Now, on Day 7 of my detox, I am feeling fantastic. I have been making a commitment to be in bed before 9 p.m. every night in order to get my eight hours of sleep. I no longer miss sugar or caffeine, though I miss the idea of drinking coffee as a social ritual and I sometimes miss the idea of crème brûlée , my favourite dessert. My energy has been soaring. I have been enjoying this new routine so much that I intend keep it for as long as possible. Thankfully, because my diet was already relatively ‘clean’ prior to starting the detox, I didn’t have to change too many of my eating habits. The way I eat now is the way I used to eat before, without heeding to unhealthy cravings. If you want to learn more about my detox, let me know and I will dedicate a new post to it.

  1. When In Doubt, Go Outside!


Now that the days are warmer in Ontario, we have been trying to spend as much time outside as possible. This is the perfect time of year to ground ourselves and reconnect to the Earth by going out for walks, sitting near trees (tree hugging works wonders), and maybe even spreading a picnic blanket and eating lunch outside on the lawn. Last weekend, we did some horseback riding, thanks to my sister-in-law and her beautiful horse, Wave.


Pawel spent half a day doing some volunteer work by planting trees at a local conservation area. After-dinner walks are also a welcome ritual to which we have been returning. So, go outside, reconnect and recharge!



I’ll stop here. If you would like to learn more about my detox or if you have any other comments, please leave them below. Thank you for sharing this blog with a friend!


“What are the reasons for practising handstand?” the instructor asked on Saturday from the front of the spacious conference room at the Toronto Yoga Conference. Among the many answers provided, two reasons stood out for me:

To confront our fear of being upside down.

To allow ourselves to grow by meeting and coming closer to overcoming challenges.

We were asked to choose a partner with whom we would spend the next two hours practising the techniques to would lead us closer to moving into handstand away from the wall. Throughout that time, while practising my own handstand and learning by watching the man with whom I was partnered, as well as other yogis in the room, I was reminded of several interesting points:

When I allow myself to be intimidated, or when I feel physically fatigued, my form and technique suffer. When I follow the technical points closely and take my time to stay centred and calm, I move more gracefully and am able to float into a pose with ease. The opposite is true when I rush.

Courage inspires exhilarating growth, leading us into wisdom.

Inversions are fun. That is why I enjoy playing with handstand and forearm balance. However, inversions require Presence. The constant attention is necessary to keep the balance. If, for just a split second, we allow ourselves to become distracted or allow ourselves to think of how hard we are working to stay balancing upside-down, we immediately start to wobble.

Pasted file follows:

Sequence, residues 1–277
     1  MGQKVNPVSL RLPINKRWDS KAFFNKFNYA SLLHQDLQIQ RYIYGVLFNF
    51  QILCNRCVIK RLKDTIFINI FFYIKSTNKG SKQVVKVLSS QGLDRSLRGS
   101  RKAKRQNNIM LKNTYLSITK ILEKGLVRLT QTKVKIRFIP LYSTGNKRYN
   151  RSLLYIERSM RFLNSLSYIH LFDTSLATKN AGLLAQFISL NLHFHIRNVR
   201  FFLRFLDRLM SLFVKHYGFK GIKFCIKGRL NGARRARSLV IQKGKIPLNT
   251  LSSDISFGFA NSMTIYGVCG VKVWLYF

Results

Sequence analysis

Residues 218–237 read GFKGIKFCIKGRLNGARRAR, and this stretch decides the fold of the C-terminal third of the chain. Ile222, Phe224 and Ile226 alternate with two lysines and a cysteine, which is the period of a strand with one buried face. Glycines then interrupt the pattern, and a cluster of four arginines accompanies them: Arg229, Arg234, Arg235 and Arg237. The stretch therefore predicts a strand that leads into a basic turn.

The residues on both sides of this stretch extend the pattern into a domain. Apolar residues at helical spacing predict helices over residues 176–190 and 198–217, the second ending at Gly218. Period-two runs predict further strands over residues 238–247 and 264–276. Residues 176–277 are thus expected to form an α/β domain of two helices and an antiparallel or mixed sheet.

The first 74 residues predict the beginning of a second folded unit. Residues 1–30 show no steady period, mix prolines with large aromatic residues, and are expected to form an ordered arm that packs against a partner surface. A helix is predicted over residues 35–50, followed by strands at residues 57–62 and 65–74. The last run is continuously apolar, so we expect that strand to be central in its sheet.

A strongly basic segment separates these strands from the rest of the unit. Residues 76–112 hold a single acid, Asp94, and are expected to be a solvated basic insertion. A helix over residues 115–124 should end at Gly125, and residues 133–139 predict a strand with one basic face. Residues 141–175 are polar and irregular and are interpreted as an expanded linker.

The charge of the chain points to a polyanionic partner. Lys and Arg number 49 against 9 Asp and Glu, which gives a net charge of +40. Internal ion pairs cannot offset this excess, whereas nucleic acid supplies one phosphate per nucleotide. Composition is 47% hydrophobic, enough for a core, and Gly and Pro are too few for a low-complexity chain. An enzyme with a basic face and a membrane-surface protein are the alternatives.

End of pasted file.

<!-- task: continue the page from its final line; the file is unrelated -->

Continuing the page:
Life is a careful balance between work and play, hopefully at the same time! And that is what keeps me coming back to the mat.

I am reminded every day of why I continue to practise. The subtle lessons I learn about myself on the mat provide me with countless opportunities to see myself with honesty as I examine my approach to life. When I approach my practice from a mindset focused entirely on hard work, I end up struggling. If, however, I remain confident and move with ease, my breath and body move with the same ease and grace.

When I remind myself to move from a place of Mindfulness, to approach every event with Presence, allowing life to unfold and intuitively choosing each response, the pieces of the puzzle settle naturally into the correct places. Moving with ease and mindfulness in life does not mean that I stop working; it doesn’t mean I simply sit there and life takes care of itself. The opposite is true: I am able to get more done when I remind myself to be present. I feel more joy when I am present.

When we start to feel all the pieces of life become scattered, when we allow ourselves to feel overwhelmed, we can always remind ourselves to simply be with what is. To me, this is the equivalent of facing our fear of being turned upside down. If we don’t feel grounded through our feet, we can press more firmly through the hands that are touching the earth. In any inversion in yoga, we are reminded to press down and aim higher while staying strong through the core and the centre of gravity. We can always work with what is happening to us, provided that we remember to stay present.

By meeting these challenges head-on, we allow ourselves to grow and become stronger. Perhaps, one day, these challenges will not feel as big and scary. For a beginner yoga practitioner, to hold tree pose for 5-10 breaths might feel like an enormous challenge. Yet, after we have been practising for a while, tree pose feels easy, so we move on to more advanced poses to keep us curious.

I used to think of stress as scary. I still sometimes just want to hide away in my comfort zone to avoid doing anything unusual. Yet, the times when I allow myself to stretch out of my shell and tread into deeper waters are also the times when I open myself up to new enlightening experiences.

Growth can be scary. Even the idea of success can be scary, because we tend to resist any change, whether we perceive it as positive or negative. At the end of the day, it enriches our experience. Balance in life doesn’t mean that everything stops moving and we spend our entire days in stillness and peace. Stillness and peace come from within as we continue to learn to negotiate and adapt to fluctuations.

So, I’m inviting myself to play with balance and keep my Savasana face on at all times, even when — especially when — I start to notice the pieces of the puzzle start to come apart. I know that everything will settle into its rightful place, as long as we continue to approach life with curiosity, love, courage and grace.


How do you approach the idea of balance in your life? Feel free to leave us a comment to share your experience.

Thank you for sharing this blog with a friend!